Recognizing Deciduous Tree and Rhizosparea Needle Cast of Spruce
Rhizosphaera needle cast can be a serious disease of blue spruce. The presence of this disease in landscape plantings illustrates the importance of properly spacing plant material. Proper spacing often means increased resistance to certain diseases because it allows for increased air movement and, thus, decreases the environmental conditions necessary for some fungal infections.
The Rhizosphaera fungus first attacks needles in the lower portion of the tree, but it progresses to successively higher branches until the entire tree is involved. The symptoms appear in late summer or fall when mature needles on the lower portion of the tree begin to turn yellow. Diseased needles remain attached to the tree throughout the winter, then turn purple and drop from the branch the following spring. Most defoliation occurs late in the summer of the second year after infection and proceeds from the oldest, innermost, needles to the youngest and from the branches nearest the ground up. Affected branches are eventually defoliated and killed by the fungus.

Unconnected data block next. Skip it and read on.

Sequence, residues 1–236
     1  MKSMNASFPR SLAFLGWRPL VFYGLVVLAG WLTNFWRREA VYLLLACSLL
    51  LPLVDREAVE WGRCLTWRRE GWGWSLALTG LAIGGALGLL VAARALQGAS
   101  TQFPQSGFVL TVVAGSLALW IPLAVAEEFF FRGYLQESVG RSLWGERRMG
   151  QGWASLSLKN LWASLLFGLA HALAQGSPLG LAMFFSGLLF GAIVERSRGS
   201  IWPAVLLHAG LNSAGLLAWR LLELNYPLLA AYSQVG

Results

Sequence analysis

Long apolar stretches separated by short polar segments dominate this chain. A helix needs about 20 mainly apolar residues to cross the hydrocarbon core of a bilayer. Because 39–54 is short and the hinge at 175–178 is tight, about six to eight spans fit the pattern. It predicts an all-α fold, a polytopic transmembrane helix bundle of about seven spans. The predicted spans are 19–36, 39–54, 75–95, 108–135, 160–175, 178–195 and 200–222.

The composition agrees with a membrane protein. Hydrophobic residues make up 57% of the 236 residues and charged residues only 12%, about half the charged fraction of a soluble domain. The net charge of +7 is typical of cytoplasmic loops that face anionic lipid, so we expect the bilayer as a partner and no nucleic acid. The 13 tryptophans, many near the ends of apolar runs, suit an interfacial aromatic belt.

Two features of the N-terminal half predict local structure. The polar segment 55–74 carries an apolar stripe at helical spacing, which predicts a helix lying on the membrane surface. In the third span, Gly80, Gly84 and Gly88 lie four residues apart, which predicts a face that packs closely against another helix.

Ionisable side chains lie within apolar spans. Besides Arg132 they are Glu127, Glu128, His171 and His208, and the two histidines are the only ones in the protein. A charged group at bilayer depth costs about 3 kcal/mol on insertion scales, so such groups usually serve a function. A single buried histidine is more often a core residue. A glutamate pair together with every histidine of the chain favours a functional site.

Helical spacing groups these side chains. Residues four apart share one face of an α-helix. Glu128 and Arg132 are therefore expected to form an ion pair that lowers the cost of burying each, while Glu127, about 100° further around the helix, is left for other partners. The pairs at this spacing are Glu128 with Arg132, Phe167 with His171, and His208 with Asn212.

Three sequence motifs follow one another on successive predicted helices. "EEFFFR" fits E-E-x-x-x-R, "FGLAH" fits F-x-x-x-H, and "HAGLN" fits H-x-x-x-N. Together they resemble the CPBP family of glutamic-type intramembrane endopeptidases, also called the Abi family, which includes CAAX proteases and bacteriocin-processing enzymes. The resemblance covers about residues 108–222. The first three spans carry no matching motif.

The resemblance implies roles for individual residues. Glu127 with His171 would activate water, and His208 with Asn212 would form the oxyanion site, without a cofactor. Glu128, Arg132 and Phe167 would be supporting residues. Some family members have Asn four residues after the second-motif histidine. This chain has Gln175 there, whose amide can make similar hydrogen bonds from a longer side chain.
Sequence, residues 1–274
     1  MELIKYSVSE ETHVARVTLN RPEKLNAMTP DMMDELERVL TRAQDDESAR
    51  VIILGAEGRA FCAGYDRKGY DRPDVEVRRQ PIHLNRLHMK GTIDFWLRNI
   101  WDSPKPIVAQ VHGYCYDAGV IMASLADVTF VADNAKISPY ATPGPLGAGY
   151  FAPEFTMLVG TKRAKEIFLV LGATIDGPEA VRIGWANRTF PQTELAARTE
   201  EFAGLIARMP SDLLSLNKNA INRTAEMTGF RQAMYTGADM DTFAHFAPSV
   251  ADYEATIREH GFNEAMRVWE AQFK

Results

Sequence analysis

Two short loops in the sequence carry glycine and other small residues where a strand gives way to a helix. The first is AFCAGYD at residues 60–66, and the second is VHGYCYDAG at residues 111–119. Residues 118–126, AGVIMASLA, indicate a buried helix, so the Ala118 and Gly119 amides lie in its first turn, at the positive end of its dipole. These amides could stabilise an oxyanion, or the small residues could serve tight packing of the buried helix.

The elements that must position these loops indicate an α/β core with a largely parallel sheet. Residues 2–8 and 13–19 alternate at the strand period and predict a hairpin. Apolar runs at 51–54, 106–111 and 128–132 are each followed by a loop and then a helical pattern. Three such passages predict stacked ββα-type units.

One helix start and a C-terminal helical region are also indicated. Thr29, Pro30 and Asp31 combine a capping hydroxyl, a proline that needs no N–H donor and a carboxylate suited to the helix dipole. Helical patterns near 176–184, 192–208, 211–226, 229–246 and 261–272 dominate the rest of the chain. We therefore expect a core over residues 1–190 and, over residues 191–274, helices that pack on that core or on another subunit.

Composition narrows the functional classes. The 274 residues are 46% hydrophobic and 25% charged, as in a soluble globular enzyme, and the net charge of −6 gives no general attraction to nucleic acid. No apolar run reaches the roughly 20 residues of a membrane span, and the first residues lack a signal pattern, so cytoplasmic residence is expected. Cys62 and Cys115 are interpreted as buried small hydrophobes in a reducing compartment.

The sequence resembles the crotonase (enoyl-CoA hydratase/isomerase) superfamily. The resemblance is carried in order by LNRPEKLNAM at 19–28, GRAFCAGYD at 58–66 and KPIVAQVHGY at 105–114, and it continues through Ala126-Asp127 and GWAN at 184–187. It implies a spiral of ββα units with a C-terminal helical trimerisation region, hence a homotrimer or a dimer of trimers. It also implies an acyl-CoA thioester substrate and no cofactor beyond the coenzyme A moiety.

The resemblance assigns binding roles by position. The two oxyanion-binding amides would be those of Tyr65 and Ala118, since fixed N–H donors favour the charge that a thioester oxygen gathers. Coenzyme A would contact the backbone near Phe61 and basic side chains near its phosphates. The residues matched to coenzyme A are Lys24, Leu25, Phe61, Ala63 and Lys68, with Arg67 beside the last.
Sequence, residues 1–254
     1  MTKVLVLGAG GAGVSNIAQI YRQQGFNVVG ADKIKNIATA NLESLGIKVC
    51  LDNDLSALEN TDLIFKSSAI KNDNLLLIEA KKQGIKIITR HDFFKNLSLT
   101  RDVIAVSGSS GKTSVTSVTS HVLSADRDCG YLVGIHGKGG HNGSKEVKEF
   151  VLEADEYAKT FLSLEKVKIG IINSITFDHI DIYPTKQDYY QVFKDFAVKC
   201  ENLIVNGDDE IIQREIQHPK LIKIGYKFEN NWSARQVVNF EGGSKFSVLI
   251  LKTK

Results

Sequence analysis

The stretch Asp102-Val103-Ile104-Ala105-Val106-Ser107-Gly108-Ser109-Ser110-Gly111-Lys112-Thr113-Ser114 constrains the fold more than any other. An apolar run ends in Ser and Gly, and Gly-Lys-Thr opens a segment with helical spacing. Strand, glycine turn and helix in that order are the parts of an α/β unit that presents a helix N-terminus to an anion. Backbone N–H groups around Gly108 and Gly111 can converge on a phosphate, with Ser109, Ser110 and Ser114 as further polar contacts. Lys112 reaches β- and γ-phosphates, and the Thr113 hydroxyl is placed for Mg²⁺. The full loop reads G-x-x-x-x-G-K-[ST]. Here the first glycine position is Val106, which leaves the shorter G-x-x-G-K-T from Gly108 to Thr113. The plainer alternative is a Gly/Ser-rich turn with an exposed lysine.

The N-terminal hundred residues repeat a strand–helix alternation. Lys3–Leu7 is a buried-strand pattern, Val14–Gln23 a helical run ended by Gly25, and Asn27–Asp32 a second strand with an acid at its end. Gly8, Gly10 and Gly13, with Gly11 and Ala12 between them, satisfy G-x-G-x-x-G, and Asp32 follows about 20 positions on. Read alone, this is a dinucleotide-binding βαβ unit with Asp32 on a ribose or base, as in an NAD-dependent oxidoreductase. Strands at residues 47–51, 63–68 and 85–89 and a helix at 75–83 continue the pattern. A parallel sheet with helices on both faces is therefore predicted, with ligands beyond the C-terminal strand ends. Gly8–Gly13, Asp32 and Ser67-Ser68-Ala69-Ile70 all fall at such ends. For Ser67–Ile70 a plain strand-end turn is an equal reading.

Poor air circulation and high relative humidity favor the development of the Rhizosphaera fungus. So increasing air movement around trees is important.
Fungicide applications may be necessary to suppress further infection on diseased trees. And, proper timing is critical for control. Applications should be made just as new shoot growth is ½ to 1 inch long. We recommend a second application after 3 weeks. Call the Extension Office for a current list of fungicides that will control Rhizosphaera Needle Cast and are safe to use on blue spruce.